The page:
As if the internet didn't offer enough distractions to keep you from that growing to-do list, the Wall Street Journal has invented a Business Buzzwords Generator. It's a humorous nod to an annoying habit among business folks: overuse of jargon.
Sure, every generation has its slang that--thankfully--eventually goes out of style. Otherwise, your ride might still be "gnarly" and your footwear choice "rad." Just as awkward: Those buzzy corporate terms that seem exciting until they're so overused that they lose all meaning.
Job descriptions abound with buzzwords. I mean, who doesn't want to employ a laser-focused, paradigm-shifting wizard who can incentivize blue-sky thinking?
A new year is a chance for a clean linguistic slate. How can you be sure you're not perpetuating annoying or even offensive catchphrases in 2019? It all boils down to saying what you actually mean.
If you're not sure where to start as you rid your personal lexicon of stale language, take note of these 10 terms that deserve to be tossed:
1. Digital transformation
This seemingly cutting-edge phrase dwells in obscurity. It's a throwaway line. Instead of using it as a blanket statement of your technological intentions, be specific. Talk about how your teams will use artificial intelligence or cloud-based platforms. Without context, "digital transformation" says little.
Being a disruptive organization is the new black ("the new black" is another phrase to jettison). However, "disruption" isn't very descriptive. Rather than telling your teams to be disruptive or promising disruption to would-be investors in your startup, map out a plan to become an industry leader. It's more meaningful and sounds less arrogant.
Wait--do you mean working together? Just say working together. If you want to talk about collaboration between departments, teams, partners, vendors, go for it. Use plain language. Synergy has had an almost seven-decade run. It's time to give it a rest.
4. Crushing it
You'd be surprised how often people say this, and it drives me nuts. Even if they use it ironically, "crushing it" always sounds a little too macho and over-the-top for my taste. If you or someone else has done an amazing job, be forthcoming and explain why. You don't have to sound like a stereotypical weightlifter bragging about bench presses.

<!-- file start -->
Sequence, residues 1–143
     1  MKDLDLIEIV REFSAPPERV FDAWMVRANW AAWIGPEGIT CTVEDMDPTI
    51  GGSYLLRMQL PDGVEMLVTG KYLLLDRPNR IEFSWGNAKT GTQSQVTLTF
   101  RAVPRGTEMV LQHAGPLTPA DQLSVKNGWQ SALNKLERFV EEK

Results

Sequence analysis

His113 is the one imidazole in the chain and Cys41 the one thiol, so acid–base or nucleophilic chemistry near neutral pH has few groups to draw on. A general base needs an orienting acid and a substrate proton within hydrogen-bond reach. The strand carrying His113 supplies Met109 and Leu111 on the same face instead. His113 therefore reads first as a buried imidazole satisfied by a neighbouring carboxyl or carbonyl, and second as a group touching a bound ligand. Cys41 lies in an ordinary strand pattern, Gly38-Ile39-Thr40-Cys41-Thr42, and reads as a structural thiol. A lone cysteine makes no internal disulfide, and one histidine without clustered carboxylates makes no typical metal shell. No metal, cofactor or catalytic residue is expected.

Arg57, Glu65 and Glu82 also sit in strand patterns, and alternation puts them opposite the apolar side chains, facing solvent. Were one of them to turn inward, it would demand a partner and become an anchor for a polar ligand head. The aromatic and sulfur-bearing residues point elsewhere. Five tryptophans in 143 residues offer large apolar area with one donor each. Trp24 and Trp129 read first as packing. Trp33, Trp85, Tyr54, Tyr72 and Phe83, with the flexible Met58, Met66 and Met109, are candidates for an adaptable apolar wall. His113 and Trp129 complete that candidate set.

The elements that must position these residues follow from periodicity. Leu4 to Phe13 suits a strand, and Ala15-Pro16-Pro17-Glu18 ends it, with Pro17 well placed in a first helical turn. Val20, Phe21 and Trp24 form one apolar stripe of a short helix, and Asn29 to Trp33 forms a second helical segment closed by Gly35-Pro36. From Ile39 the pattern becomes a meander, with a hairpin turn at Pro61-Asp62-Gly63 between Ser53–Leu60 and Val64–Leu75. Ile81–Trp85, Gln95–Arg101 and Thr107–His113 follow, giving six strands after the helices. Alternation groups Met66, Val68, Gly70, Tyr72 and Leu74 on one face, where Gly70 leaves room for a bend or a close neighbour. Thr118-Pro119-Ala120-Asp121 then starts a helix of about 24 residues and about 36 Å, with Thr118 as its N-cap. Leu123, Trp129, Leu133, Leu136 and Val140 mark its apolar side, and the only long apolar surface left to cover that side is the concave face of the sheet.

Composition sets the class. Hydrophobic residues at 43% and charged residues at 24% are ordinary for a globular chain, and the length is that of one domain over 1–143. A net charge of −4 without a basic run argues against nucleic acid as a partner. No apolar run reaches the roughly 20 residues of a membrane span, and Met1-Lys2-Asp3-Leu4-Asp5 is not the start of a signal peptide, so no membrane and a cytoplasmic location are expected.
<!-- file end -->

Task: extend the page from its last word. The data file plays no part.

This isn't jargon per se, but it's definitely an overused word in business. Humans can't give "110 percent" of their energy to a project, and they can't all be superstars--or rock stars, for that matter. There are better ways to recognize your colleagues. Next time you want to high-five an office "superstar," consider buying them lunch as a thank-you instead.
Once upon a time, museum workers curated. Hence, they were called curators. Now, everyone seems to curate everything. A good alternative to the word "curate" is compile or gather. No, those other terms don't sound as glamorous. Trust me: They're far more practical.
7. Girl boss
Let me first reassure you that I am completely in support of female entrepreneurs. That's exactly why I don't believe any woman's leadership should be diminished by qualifying her position with a gender-focused term. If you feel like it's a good way to recognize a leader like Arianna Huffington, then maybe you should also start referring to Jeff Bezos as a "boy boss."
8. Open the kimono
Did you just blush? Squint? Scratch your head? How "open the kimono" became standard business fare is beyond me. It's as tasteless as it sounds. Want to talk about being transparent in your business practices? Use those words verbatim. Don't get cute; this phrase just isn't.
9. Move the needle
If you tell someone to move the needle, please realize that you're not doing the same, communication-wise. For instance, do you want your team members to increase sales by 10 percent during the first quarter of 2019? Instructing them to "move the needle" isn't going to help. It's not that your people don't know what you mean; they just don't know how to meet such a vague goal. Give them a map to follow, and use data.
10. Reach out
Repeat after me: "I will not reach out. I will text. I will send an email. I will make a phone call." Reaching out implies a physical action and should be relegated to looking for a quarter that rolled under the bed or holding the elevator door open for a colleague.
Your industry probably has a host of other buzzwords. As a New Year's resolution, resolve to dispose of the most glaring ones. It'll give you a chance to say what you really mean.